Gambling advertisement ban must not undermine consumer protection

Charles Gillespie, CEO of Group, addresses the Irish Labour Party's call for a blanket ban on all forms of gambling advertising in the Republic of Ireland

Gambling advertising is absolutely everywhere in Ireland. Between the press, TV, radio and sponsorships of major sports teams, it is simply impossible to avoid seeing the logo or promotional messages from a bookmaker if one is even just a casual follower of sport. Alarm bells are ringing on both sides of the Irish sea as the UK is now undertaking a comprehensive review of their gambling regulations and here in Ireland the Labour Party has started making noise about similarly reigning in the reach of the bookies by proposing a ban on gambling advertising.

It is obvious to me and many other senior executives across the online gambling industry that action is overdue. We welcome the debate and look forward to finding a set of guidelines which foster a sustainable industry while minimising gambling-related harm and respecting individual freedom. Less advertising of gambling is certainly part of that new balance but, as with anything, the devil is in the details. A full ban on gambling advertising is an easily approachable rallying cry that makes a great talking point. It is also an intellectually lazy proposal that would be so blunt in its effects as to undermine the actual objectives of the Labour Party.

Empowered, educated consumers make better decisions. This is doubly true for online gambling services where consumers must navigate a bewildering landscape of options which includes everything from Irish-regulated, FTSE 100 companies to fly-by-night operators supplying their services from overseas. Irish consumers need to be sure before they play that their chosen online gambling destination is a responsible, well-reputed company, not to mention actually regulated to offer their services in Ireland. Navigating this landscape is a key part of the customer journey and online comparison sites play a fundamental role in helping these consumers separate the wheat from the chaff. As envisioned by the Labour Party, their bill could zap the advertising revenue which finances the development of these pro-consumer resources. The resulting void would inevitably be filled by the offshore gambling operators who are beyond the reach of Irish regulation and pay no taxes to Ireland.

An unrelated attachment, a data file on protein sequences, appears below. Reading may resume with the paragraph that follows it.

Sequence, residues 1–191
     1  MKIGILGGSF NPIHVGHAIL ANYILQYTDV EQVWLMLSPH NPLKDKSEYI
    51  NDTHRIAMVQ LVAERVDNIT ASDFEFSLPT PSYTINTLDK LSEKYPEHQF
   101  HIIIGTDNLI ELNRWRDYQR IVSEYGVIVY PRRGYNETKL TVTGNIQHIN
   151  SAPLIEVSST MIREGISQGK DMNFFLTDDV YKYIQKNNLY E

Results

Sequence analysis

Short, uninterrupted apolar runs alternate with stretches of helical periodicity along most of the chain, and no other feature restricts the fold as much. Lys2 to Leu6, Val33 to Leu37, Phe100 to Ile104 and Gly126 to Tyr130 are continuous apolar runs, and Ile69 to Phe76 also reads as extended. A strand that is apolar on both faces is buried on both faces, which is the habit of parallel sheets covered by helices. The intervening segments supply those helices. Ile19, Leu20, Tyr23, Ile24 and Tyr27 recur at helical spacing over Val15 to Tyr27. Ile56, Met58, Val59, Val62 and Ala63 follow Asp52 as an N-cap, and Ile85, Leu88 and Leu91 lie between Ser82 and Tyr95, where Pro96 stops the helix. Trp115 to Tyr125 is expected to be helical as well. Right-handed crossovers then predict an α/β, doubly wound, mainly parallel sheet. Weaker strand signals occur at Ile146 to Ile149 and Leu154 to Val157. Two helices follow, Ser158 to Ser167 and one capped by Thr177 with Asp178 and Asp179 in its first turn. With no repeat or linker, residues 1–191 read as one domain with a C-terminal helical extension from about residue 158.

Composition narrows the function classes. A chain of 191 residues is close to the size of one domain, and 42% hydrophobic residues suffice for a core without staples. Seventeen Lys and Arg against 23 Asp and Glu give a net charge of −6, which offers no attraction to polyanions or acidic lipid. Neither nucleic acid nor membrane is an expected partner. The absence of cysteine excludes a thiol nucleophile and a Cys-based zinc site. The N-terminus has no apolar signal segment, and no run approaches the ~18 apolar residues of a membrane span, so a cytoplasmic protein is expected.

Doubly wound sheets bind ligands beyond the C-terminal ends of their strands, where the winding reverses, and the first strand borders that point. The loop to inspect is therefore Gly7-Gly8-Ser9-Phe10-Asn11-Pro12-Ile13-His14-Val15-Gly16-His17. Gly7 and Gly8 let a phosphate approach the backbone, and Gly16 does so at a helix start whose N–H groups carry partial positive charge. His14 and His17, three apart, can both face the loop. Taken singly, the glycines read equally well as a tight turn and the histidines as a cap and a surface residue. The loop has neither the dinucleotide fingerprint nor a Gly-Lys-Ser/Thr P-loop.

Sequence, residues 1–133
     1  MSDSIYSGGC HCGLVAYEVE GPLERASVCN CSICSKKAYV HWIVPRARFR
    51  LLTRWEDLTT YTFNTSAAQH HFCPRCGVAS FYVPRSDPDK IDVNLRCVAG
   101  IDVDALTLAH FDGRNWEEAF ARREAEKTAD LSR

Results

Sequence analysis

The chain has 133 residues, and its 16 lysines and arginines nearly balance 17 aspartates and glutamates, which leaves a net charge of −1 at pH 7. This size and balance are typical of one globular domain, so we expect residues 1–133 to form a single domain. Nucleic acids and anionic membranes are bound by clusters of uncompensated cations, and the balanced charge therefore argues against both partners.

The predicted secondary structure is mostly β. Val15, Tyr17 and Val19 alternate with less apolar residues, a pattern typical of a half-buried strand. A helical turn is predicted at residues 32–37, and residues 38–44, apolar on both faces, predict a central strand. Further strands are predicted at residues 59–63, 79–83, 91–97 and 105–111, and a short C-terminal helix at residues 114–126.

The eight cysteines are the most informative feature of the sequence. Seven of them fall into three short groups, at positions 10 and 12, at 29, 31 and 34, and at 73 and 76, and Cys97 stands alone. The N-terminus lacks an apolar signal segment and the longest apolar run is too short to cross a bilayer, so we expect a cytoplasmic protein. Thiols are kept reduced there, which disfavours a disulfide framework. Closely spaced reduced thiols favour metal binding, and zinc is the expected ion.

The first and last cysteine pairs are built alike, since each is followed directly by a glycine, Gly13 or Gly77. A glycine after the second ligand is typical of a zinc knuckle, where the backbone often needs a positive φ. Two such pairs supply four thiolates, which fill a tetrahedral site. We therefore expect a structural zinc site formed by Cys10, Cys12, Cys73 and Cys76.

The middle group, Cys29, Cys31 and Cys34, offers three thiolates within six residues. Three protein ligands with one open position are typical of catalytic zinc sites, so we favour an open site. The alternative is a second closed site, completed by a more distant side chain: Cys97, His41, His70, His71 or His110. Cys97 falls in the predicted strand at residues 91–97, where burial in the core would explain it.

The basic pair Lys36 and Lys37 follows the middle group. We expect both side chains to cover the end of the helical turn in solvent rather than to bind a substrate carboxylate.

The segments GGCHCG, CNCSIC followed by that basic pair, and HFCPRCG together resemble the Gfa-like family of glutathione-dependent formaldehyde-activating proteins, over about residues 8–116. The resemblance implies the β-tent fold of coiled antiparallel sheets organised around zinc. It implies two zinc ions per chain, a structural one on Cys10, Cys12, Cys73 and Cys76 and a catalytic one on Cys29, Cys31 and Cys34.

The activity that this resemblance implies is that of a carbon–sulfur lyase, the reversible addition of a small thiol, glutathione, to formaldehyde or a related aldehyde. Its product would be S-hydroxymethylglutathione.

Consider this

As the Labour Party and the rest of the Irish government fine-tune their proposals to reduce gambling advertising, I urge them to consider the important nuances of different forms of advertising. Shirt sponsorships, along with TV and radio advertising, are designed to create brand awareness broadly, making an impact on consumers who were not otherwise thinking about gambling. On the other hand, consumers who have decided on their own that they are interested in online gambling should be free to research their next steps. These consumers typically employ the use of search engines to locate information on individual companies or the industry. Implementing an advertising ban on this section of the gambling ecosystem will cause more harm than good by diminishing gambling consumers’ ability to make informed decisions.

Beyond the obvious consumer protection considerations, politicians should also bear in mind the truly unique and rich tradition of horseracing and sports betting within Irish culture. Online gambling is, in so many respects, a worldwide story of Irish success. Paddy Power’s public persona may not be to everyone’s taste, but behind the jokes and the PR stunts is the largest online gambling company in the world, Flutter Entertainment, based right here in our capital city. Other Irish businesses like Dundalk-based Boylesports and my very own Group are tangible examples of the outsized role Ireland plays in the global industry. While a reduction in advertising is warranted, any reduction will likely lead to job losses in the advertising and social media departments of Irish gaming operators. Let us not forget that the Irish gambling industry collectively employs thousands of people and pays over €100m per year in taxes.

The gambling sector may be under more scrutiny than ever before, yet it is pivotal – both economically and culturally – to Irish society. Let us not undermine the industry’s employees or its consumers when the opportunity to debate Labour’s proposal presents itself.

Charles Gillespie, Group

Charles Gillespie is founder and chief executive of Dublin-based Group.

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